I am becoming a “City Person.” Some people claim I’ve already achieved City Person status, but this point is debatable. I have to say, it’s hard not to be a City Person when everything one needs is right around the corner (or no further than a twenty-minute bike ride, at least). High-end taxidermic goods? Step this way! Pain au Chocolate? Walk 50 yards and take a left. The biggest and best used CD selection I’ve ever had the fortune to witness? About a block from my house, beetches. Ah, yes: San Francisco is indeed the finest city in our fair land, so leaving it for any length of time can be difficult. On occasion, though, I brave the trip.
One such occasion was Saturday’s rooftop BBQ, hosted by my friends Melanie and Phil. After five happy years together, Melanie and Phil got engaged last week(!) and threw a barbecue to celebrate not only their upcoming nuptials but the gorgeous summer weather we’ve had in recent weeks. That, and their apartment building — blocks away from Lake Merritt and with an excellent view — has a badass and accommodating roof.
H. and I arrived around 5:30 to find M. making final meal preparations. Earlier in the day, she and Phil had marinated rough-cut veggies, chicken, and beef for the creation of skewers: EVOO & herb-rubbed veggies, BBQ chicken, Greek chicken, and mustard beef. In addition, M. had whipped up vegan potato salad and a vegan chocolate cake, frosted with ganache and topped with fresh raspberries. To this bounteous feast, H. and I contributed a pumpkin pie, a batch of strawberry-buttermilk muffins, and a bowl of the two-bean salad I became so fond of in grad school. (Note: this batch of salad was gussied up with a few additional ingredients, namely finely-chopped radishes, fresh peas, and feta.) Oh, and a 12-pack of Tecate, whose contents were added to the foam cooler brimming with like beers and scant-spread ice.
M. put us to work creating veggie skewers while she and Phil took care of the meat. Slowly, guests arrived, spirits high and beers in tow. They settled on the couch, remarked on the spaciousness and beautiful light of M. & P.’s living room, which Hook described as “chalet-like” and another guest termed “Mock Tudor.” (Both, I think, were correct.) Finally, the food was prepped. We slipped on our coats, slung blankets over our arms, and trekked to the roof, taking the service elevator and a series of perilous staircases to get there.
The evening was already cool; I was glad for the coat M. had lent me. (True to form, I’d come underdressed in a 3/4-sleeve shirt and thin down vest. When will I ever learn to Layer Correctly? Oy!) We spread a blanket over the gravel-topped ground and P. lit the grill. We shivered in our chairs as the coals flamed, subsided, smoldered. On the lake, bordered by white lights strung high above the street, a few stragglers pushed rented gondolas. Gondolas? I thought, In Oakland? Yes. Just one more reason to get out of the city once in a while — you don’t know what you’ll see.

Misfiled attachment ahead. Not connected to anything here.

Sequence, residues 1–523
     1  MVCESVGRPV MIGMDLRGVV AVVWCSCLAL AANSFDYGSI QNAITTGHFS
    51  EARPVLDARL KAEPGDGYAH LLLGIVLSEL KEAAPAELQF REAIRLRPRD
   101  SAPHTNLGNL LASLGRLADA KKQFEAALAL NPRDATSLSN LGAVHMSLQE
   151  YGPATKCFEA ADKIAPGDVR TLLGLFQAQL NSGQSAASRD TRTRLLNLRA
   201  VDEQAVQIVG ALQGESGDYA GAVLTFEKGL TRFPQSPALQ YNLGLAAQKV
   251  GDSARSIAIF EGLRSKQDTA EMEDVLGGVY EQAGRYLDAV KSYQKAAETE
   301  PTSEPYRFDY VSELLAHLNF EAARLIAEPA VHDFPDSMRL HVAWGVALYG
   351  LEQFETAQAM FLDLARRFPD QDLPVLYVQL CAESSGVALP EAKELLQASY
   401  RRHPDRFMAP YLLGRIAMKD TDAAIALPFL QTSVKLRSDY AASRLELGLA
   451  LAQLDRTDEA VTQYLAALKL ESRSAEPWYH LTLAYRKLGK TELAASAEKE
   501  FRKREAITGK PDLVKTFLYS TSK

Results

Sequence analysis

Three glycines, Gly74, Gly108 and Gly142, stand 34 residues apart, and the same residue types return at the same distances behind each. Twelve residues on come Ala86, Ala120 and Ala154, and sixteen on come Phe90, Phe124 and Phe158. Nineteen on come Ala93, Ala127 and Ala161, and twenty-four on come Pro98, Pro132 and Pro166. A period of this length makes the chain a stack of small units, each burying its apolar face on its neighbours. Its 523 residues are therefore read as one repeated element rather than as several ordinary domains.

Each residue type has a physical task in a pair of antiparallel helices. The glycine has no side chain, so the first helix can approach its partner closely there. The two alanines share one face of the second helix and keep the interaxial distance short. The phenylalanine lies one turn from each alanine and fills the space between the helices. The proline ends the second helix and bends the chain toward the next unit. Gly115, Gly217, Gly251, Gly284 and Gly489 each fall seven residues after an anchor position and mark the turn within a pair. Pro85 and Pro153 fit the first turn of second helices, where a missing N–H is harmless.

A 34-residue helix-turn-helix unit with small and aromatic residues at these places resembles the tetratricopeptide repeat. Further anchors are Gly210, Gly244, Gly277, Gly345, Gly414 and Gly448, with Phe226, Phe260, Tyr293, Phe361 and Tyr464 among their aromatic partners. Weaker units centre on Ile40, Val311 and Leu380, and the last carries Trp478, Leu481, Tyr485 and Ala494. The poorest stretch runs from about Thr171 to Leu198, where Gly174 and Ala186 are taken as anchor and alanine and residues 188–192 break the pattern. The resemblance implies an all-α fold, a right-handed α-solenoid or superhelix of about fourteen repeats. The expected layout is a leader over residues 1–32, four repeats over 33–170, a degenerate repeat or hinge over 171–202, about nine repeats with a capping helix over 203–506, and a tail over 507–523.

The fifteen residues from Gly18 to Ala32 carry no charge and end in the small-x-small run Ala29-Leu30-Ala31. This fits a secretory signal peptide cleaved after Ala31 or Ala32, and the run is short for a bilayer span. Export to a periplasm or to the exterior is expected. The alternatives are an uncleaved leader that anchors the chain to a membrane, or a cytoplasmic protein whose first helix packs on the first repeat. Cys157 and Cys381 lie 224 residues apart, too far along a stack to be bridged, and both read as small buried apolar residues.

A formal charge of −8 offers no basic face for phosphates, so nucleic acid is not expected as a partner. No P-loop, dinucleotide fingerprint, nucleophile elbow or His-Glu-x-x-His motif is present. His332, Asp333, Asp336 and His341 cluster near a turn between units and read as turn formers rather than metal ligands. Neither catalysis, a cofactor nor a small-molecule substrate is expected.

As Phil tended the skewers, we ate a first course of salads. M.’s potato salad was unbelievable — and I’m not a potato salad fan. Her secret? She uses four types of spuds, vegan mayonnaise, good mustard, and chopped cornichons. What I dislike about most other potato salads is their mayo-ness; I’ve never liked comercially-prepared mayonnaise, so it follows that I wouldn’t like salads constructed around that ingredient. M.’s salad had a bold flavor dominated by the mustard and pickles; I could scarcely taste the vegannaise at all. I’ll be getting the recipe from Mel, if she’s willing to part with it.
At long last, we had skewers! H. and I shared a number of veggie and beef kebabs, both of which were gorgeous: charred on the outside, hot and juicy within. The veggies were good; the beef were amazing. Allowed for hours to absorb the mustard’s flavor, the beef — just the slightest bit rare on the inside — was alternated with like-marinated pieces of apple and onion, making a simple, hearty, perfect autumn dish. And dessert? Oh, goodness. No true Midwesterners would host a BBQ without having several desserts, and M. & P. did not disappoint. M’s chocolate cake was dense and crumbly and the flavor of the bourbon she used in the frosting came through, slow and deep. Peter’s gluten-free fruit tartlets were decadent, the fruit fresh and the tart shells crisp and buttery, reminiscent of shortbread. (“I did use more butter to make up for the lack of wheat,” P admitted. YES.) And my pie? All I can say is that Peter, a native of Germany and heretofore a stranger to pumpkin pie, ate four slices. A lifelong pie fan, I ate only one. Before we settled in the living room for more beer and a rousing game of Cranium, the pie was gone, its tin scraped and sticky and knife-punctured.
Congrats, Melanie and Phil! As we Russians say, God grant you many years.
Mom’s Pumpkin Pie
3/4 cup granulated sugar
2 teaspoons ground cinnamon
1/2 teaspoon salt
heaping 1/2 teaspoon ground ginger
heaping 1/4 teaspoon ground cloves
2 large eggs, blended with 1 teaspoon pure vanilla extract
1 can (15 oz.) 100% pure pumpkin
12 oz. half & half
unbaked 9-inch pie crush (store bought is good; homemade is better)
1. Mix together dry ingredients and set aside. Beat together the eggs and vanilla and blend with the pumpkin; fold this into the dry mixture, then gradually add the half and half. Pour pumpkin batter into pie crust.
2. Bake at 425 degrees Fahrenheit for 15 minutes. Reduce temperature to 350 degrees Fahrenheit and bake for an additional 40 to 50 minutes, or until toothpick comes out clean.
3. Cool on wire rack for 2-hours. Serve immediately or refrigerate, but never freeze! (Freezing will evidently cause the baked pie filling to separate from the crust. At any rate, I don’t know why you’d want to freeze a pie this good.) This pie is best served with fresh whipped cream and coffee.